ANNAPOLIS, Md. — The decision to open front-line battlefield positions to women has opened thousands of new job opportunities for female midshipmen.
Secretary of Defense Leon Panetta on Thursday lifted a ban on female service members in combat roles. In light of Panetta’s decision, Secretary of the Navy Ray Mabus made it possible for women to serve on Virginia-class submarines.
Navy officials said Mabus’ decision will put four women, four nuclear-trained officers and two female Supply Corps Officers on some of the nuclear-powered fast attack submarines in fiscal 2015.
Panetta’s announcement could open about 8,500 positions previously closed to women in Special Warfare, the Coastal Riverine Force and the Marine Corps’ ground combat element.
Women won’t immediately be thrust into ground combat roles. A Navy official said the Navy, like other parts of the military, is still in the “early stages of studying (the move) and finding out how to move forward.”
John Nagl, Minerva research professor in the Naval Academy’s History Department, said more women could end up applying to the academy. But any increase of women in the newly opened positions could be offset by a decrease in military forces overseas.
“I don’t think we’re going to see lots and lots of women serving as Marine infantry,” Nagl said. “What I do think we’re going to see is a broader recognition of the role women have played. Over the long term, I think we’re seeing a more capable military as a result of the inclusion of women.”
A Naval Academy spokesman said it was too early to comment on any policy changes in Annapolis.
Qualifications will not be lowered for women, Panetta said. But women will get a chance at some front-line positions as early as this year.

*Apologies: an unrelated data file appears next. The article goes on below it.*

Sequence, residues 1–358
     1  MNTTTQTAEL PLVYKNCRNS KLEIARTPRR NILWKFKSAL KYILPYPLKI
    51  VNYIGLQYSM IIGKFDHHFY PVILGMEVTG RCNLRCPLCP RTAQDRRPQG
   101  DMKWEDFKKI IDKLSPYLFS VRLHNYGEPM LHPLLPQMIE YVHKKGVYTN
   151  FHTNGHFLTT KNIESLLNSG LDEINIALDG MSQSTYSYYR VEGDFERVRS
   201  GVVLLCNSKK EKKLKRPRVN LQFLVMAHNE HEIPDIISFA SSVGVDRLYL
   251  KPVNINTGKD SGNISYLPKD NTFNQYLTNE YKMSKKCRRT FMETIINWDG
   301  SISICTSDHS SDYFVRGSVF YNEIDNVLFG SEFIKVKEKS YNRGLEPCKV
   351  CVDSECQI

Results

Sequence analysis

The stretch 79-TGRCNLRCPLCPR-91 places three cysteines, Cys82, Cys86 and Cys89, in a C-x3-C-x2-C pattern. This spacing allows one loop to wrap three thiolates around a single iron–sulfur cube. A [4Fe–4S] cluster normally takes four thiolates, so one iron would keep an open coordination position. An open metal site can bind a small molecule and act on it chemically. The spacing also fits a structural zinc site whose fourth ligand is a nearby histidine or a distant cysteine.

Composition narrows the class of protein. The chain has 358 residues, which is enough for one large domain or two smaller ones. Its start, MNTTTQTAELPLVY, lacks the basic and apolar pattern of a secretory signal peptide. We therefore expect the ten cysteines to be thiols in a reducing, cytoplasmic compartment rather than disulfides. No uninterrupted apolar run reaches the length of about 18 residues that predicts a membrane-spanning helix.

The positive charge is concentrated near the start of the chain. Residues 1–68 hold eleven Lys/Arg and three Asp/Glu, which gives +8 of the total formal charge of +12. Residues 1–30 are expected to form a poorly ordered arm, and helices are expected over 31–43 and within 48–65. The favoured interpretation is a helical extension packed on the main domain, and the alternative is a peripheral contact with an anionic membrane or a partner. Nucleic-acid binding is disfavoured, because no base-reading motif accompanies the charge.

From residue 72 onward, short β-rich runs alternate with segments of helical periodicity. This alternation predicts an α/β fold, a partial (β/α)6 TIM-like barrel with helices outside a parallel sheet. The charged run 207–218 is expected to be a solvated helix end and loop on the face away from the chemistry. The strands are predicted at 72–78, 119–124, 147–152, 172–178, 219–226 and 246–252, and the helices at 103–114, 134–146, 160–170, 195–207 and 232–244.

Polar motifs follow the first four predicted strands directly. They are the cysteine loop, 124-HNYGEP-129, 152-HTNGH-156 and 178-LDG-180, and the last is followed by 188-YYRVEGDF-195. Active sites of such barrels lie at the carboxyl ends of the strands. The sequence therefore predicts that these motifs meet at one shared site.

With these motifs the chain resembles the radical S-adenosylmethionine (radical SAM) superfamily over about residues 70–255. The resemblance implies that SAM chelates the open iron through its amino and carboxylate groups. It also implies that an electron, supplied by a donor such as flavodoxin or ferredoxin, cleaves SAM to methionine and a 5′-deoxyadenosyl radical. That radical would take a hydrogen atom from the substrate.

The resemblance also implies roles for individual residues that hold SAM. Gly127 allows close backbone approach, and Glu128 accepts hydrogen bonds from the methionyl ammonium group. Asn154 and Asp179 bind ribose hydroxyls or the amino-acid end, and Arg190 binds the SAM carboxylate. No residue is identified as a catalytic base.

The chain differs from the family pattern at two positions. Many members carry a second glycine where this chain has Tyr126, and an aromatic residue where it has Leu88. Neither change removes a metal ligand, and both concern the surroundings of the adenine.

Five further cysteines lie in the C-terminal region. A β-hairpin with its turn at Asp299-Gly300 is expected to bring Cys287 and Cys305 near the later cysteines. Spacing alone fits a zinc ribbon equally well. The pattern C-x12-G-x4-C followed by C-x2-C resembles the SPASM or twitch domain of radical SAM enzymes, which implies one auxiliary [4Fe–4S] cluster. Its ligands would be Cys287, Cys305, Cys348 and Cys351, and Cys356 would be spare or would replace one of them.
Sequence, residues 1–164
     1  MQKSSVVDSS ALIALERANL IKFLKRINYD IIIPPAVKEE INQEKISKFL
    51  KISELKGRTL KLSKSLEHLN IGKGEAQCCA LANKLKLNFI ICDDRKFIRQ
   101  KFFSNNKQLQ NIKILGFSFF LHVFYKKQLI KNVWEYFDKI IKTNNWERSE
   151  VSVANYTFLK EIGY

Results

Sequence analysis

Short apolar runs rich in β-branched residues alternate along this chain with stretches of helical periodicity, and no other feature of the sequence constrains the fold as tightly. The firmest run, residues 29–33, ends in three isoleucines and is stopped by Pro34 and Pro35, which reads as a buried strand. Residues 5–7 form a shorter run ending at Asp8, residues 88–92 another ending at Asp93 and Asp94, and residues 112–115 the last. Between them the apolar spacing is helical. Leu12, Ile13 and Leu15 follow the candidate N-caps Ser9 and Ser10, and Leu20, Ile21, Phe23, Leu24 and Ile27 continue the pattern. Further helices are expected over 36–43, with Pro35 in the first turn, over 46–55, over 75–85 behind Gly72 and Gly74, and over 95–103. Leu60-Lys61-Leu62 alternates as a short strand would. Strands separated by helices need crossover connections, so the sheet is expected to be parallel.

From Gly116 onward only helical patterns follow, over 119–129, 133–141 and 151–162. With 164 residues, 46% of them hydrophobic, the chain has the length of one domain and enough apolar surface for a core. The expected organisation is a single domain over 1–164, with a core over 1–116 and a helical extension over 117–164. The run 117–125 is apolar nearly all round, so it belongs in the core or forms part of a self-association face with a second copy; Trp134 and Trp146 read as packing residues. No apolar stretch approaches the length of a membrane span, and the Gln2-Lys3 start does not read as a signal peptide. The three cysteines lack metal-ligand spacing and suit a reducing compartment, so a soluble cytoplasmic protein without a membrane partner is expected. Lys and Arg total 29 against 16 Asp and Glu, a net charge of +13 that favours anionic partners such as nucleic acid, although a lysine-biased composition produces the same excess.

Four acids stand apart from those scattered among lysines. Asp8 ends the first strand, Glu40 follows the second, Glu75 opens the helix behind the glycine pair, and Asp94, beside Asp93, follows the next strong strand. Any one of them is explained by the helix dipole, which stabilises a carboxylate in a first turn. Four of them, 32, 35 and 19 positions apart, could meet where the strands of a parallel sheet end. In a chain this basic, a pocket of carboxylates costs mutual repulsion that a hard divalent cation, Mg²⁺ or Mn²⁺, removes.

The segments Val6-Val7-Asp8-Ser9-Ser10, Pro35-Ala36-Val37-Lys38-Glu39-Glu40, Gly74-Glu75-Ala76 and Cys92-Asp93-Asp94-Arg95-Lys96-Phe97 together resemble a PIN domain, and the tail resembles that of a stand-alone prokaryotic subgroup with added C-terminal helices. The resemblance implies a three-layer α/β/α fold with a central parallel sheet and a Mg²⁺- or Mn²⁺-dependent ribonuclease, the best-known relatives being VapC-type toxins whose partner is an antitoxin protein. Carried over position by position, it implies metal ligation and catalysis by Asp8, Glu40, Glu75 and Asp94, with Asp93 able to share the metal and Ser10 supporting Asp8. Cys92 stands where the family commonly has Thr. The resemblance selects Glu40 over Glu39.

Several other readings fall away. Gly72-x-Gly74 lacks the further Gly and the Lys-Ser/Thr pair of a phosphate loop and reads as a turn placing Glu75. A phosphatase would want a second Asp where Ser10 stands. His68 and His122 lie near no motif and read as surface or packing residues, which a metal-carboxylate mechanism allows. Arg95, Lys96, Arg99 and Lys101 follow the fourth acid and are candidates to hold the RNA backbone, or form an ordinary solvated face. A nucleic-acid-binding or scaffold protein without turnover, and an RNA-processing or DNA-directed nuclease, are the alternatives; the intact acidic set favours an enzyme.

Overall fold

“Women have shown great courage and sacrifice on and off the battlefield, contributed in unprecedented ways to the military’s mission and proven their ability to serve in an expanding number of roles,” Panetta said. “The time has come for our policies to recognize that reality.”
Panetta’s move overturns a 1994 ban on women being assigned to smaller ground combat units.
His decision gives the military until January 2016 to seek special exceptions if they believe any positions, like the Navy SEALS, must remain closed to women.
Panetta argued women, who make up 15 percent of the U.S. Armed Forces, have increasingly found themselves in combat in Iraq and Afghanistan.
He said he realized something had changed when he arrived in Baghdad in 2003, hopped in a Humvee, slapped a turret gunner on the leg, and asked ‘Who are you?’
“She said ‘I’m Amanda,’” Panetta said. “Women are serving in combat and have been.”
He said not everyone is qualified to be a combat soldier, but everyone is entitled to the opportunity.
Navy officials said 54,500 women are currently on active duty, making up around 16 percent of the active force.
Thursday’s repeal of the direct combat rule could open up approximately 5,000 positions in the Marine Corps ground combat element and 3,000 positions in Special Warfare, including with the SEALS, that were closed to women.
It also would open up 480 positions in the Coastal Riverine Force, the Navymaritime expedition security force established after the Riverine Force and Maritime Expeditionary Force merged last year.
But a Navy official said women would not move into these positions until the department conducts a “thorough assessment of what it would take to incorporate women into these billets.”